Beyond monogamy:lessons from long-term male couples in non-monogamous relationships.
Article Type: Case study
Subject: Gay couples (Case studies)
Monogamy (Case studies)
Authors: Spears, Blake
Lowen, Lanz
Pub Date: 01/01/2010
Publication: Name: Electronic Journal of Human Sexuality Publisher: The Institute for Advanced Study of Human Sexuality Audience: Academic Format: Magazine/Journal Subject: Family and marriage; Social sciences Copyright: COPYRIGHT 2010 The Institute for Advanced Study of Human Sexuality ISSN: 1545-5556
Issue: Date: Annual, 2010 Source Volume: 13
Geographic: Geographic Scope: United States Geographic Code: 1USA United States
Accession Number: 249136755
Full Text: Study Overview

Although non-monogamous relationships are very common in the gay community, little research has been conducted and information about how couples navigate this terrain is surprisingly lacking As a long-term couple (34 years), this was a journey we had taken together, without a roadmap. The lessons we learned along the way were often hard-earned and we found ourselves wondering how others dealt with this. How common or peculiar was our experience? Were there models we hadn't considered? What worked or didn't work for others?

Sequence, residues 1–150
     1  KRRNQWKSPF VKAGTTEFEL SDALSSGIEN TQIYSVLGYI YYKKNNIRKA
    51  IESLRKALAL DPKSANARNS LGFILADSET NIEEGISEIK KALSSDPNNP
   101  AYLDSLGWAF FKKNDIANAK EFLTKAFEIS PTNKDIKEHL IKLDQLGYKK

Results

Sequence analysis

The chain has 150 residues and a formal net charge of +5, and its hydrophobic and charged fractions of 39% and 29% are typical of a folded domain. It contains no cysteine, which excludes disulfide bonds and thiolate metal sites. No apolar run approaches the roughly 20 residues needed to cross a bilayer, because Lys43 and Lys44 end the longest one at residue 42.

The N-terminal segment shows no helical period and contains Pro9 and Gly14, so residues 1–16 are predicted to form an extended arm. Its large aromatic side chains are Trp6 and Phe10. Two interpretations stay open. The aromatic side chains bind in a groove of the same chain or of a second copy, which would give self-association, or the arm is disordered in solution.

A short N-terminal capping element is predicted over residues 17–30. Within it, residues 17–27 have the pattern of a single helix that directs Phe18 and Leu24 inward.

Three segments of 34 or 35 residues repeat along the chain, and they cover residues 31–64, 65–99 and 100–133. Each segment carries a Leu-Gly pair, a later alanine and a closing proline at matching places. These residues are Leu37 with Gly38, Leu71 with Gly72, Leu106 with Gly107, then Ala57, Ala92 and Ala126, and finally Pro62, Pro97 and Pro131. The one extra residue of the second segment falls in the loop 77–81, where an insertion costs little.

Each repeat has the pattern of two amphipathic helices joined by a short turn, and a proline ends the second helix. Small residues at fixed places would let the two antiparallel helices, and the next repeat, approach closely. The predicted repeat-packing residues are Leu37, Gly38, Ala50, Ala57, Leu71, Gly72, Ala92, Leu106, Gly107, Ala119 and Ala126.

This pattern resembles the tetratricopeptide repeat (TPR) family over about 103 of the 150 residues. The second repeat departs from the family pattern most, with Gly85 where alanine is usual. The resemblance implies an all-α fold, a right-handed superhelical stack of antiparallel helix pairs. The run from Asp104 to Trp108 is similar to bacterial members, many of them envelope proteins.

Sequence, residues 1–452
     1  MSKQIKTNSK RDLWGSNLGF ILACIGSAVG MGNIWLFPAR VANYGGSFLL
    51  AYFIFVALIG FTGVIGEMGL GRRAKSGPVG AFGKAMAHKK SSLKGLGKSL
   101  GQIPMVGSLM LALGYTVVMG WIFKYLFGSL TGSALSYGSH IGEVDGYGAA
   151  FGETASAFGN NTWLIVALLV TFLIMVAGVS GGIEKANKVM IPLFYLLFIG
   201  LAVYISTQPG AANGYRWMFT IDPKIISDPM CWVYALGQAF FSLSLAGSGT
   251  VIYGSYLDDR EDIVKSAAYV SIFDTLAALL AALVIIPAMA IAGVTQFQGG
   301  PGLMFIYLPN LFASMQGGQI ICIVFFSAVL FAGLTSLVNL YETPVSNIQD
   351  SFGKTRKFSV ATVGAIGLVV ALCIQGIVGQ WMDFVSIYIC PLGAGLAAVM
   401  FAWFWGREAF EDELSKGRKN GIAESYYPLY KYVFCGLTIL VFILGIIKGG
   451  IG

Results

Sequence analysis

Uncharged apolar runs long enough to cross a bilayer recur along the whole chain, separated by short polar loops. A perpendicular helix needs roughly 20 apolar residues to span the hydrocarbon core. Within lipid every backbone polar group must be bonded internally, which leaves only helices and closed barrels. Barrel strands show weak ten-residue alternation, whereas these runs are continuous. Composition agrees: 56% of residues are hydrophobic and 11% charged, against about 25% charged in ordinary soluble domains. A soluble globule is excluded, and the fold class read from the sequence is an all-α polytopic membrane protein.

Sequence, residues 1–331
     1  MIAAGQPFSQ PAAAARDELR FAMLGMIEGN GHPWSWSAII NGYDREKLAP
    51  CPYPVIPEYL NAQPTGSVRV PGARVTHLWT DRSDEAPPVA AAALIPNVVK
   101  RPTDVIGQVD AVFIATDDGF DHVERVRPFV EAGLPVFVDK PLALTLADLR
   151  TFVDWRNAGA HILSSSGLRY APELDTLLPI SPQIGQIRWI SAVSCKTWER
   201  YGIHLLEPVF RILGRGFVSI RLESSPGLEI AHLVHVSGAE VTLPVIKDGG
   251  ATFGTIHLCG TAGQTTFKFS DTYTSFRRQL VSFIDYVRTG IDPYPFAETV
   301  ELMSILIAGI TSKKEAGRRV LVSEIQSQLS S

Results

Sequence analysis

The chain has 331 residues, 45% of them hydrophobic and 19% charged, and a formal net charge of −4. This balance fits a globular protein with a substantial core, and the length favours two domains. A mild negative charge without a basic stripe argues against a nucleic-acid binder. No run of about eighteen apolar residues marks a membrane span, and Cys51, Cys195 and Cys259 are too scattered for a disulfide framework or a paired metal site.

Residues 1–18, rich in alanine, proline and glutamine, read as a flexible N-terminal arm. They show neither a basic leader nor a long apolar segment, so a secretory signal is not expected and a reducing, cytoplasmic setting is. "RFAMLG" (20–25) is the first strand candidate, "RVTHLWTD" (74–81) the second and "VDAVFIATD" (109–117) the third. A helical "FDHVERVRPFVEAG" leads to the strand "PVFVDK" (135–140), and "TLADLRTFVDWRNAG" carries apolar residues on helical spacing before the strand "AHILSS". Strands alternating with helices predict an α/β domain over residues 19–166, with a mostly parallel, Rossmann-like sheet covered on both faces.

While recognizing the uniqueness of each relationship and assuming a wide diversity in approaches, we still imagined it would be valuable to hear from couples who had 'been there'. We initiated this study to hear directly from those couples

Study goals

The purpose of the study was to better understand the experience of non-monogamous couples and glean valuable lessons. Study goals were:

* Gather basic information about how couples handled 'outside sex'

* Identify and describe typical models and approaches (to the extent they existed)

* Identify common themes, patterns, challenges and benefits

* Record what couples had to offer in terms of 'learning'

Participant selection

We chose to focus solely on non-monogamous couples. Although the similarities and differences between monogamous and non-monogamous couples interest us, we didn't feel we had the capacity or inclination to adequately investigate both